Benwick, Bonnie. “Tom Vilsack Throws A Seder.” The Washington Post. 28 April 2011.

The USDA held a seder Wednesday night, but it was neither a day late nor any part of a dollar short on meaning. Agriculture Secretary Tom Vilsack and two Jewish outreach organizations used a novel, piggyback-on-Passover approach to spotlight issues related to hunger and justice in America. Read more...

 

Schwartz, Rabbi Sid. “Finding Faith, Doing Service in Haiti”. Washington Jewish Week. 16 February 2011.

On the first anniversary of the Haiti earthquake, I traveled to the Leogane region of Haiti, the center of the earthquake’s devastation. I went as the guest of an Israeli nongovernmental organization called Tevel b’Tzedek (The Earth, in Justice), founded in 2005 by Rabbi Micah Odenheimer to promote social and environmental justice in the world. With the support of IsraAid, a team of Israeli volunteers traveled to the region soon after the earthquake. Uri l’Tzedek, a U.S.-based Orthodox social justice organization, asked me to be the first of a series of rabbis to visit the team and interact with many of the Haitians that they have been helping. Read more…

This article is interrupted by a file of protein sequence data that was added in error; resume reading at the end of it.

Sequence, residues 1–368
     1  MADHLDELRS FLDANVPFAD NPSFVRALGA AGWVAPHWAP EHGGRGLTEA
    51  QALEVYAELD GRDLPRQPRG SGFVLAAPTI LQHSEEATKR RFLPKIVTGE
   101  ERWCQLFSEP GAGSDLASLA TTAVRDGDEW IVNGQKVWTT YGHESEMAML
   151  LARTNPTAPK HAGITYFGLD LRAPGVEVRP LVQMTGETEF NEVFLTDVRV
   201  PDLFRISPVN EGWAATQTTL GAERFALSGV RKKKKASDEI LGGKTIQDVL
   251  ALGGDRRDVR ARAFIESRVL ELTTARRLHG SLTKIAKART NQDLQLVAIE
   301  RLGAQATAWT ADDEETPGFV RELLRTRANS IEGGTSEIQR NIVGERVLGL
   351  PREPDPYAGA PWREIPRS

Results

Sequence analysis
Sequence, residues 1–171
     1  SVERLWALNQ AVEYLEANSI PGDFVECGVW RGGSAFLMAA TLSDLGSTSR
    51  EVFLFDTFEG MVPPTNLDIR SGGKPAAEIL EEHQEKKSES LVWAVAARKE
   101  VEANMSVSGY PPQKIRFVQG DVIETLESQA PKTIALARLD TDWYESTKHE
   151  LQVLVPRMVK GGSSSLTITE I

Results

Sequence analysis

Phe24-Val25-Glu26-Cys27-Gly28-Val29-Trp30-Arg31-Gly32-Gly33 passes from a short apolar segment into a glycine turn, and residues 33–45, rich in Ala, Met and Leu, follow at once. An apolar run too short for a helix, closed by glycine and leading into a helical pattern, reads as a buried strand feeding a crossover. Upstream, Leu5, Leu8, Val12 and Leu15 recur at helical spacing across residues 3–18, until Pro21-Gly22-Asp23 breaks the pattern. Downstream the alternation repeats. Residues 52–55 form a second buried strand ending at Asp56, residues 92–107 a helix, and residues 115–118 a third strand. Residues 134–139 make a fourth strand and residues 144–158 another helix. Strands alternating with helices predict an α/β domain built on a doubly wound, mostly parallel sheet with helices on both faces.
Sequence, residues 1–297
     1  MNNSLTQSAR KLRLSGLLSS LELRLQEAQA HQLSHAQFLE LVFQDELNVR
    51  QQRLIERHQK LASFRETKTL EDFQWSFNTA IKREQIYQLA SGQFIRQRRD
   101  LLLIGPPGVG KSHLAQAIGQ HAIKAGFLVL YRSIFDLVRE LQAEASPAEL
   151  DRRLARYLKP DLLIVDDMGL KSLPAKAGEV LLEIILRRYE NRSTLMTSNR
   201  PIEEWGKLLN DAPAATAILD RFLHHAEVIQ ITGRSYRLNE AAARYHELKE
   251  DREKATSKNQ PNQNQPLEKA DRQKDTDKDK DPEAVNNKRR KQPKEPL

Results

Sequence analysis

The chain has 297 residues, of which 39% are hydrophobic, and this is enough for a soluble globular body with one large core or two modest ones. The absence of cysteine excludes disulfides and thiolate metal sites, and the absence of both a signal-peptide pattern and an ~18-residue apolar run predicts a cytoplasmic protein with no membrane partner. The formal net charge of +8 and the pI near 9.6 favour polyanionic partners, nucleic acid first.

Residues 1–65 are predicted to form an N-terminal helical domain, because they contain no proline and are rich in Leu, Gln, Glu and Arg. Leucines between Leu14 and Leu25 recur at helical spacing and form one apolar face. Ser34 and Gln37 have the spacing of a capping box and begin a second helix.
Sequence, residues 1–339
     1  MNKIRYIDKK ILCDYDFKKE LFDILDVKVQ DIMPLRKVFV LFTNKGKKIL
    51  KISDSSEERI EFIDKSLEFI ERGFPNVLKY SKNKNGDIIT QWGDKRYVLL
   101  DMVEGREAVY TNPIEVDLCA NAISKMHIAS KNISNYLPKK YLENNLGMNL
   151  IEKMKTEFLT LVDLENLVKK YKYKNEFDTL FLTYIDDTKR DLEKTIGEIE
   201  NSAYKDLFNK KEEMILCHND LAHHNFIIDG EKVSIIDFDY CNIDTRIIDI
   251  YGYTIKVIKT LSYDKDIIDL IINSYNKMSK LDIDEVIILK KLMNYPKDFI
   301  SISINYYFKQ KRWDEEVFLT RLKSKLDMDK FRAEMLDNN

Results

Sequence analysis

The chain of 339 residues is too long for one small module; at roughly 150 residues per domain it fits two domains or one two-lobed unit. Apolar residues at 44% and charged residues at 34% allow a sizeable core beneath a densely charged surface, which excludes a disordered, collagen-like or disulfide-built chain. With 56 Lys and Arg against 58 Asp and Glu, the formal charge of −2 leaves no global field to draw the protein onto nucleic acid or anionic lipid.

Lowenfeld, Jonah. The Rabbi and his ‘Calling.’ Jewish Journal. 15 December 2010.

In the fall of 2007, then-rabbinical student Shmuly Yanklowitz traveled with a few of his colleagues from the Modern Orthodox Yeshivat Chovevei Torah in New York to San Diego. Wildfires had just burned through 500,000 acres and destroyed more than 1,500 homes. “I didn’t know what we were going to do,” Yanklowitz said at the time. “I just knew that we had to be there.” Read more…

 

Liedtke, Jonathon. We are all in this world together. The Canadian Jewish News. 15 December 2010.

At the beginning of October, students from across Canada (myself included) gave up our Thanksgiving weekends – sacrificing seeing friends and family, studying for midterms and our regular campus activities, in other words, a “normal weekend” – for the pursuit of something bigger. Read more…

 

Usadin, Sharon. Post-college volunteers compare practices with Israel. The Jerusalem Post. 21 November 2010.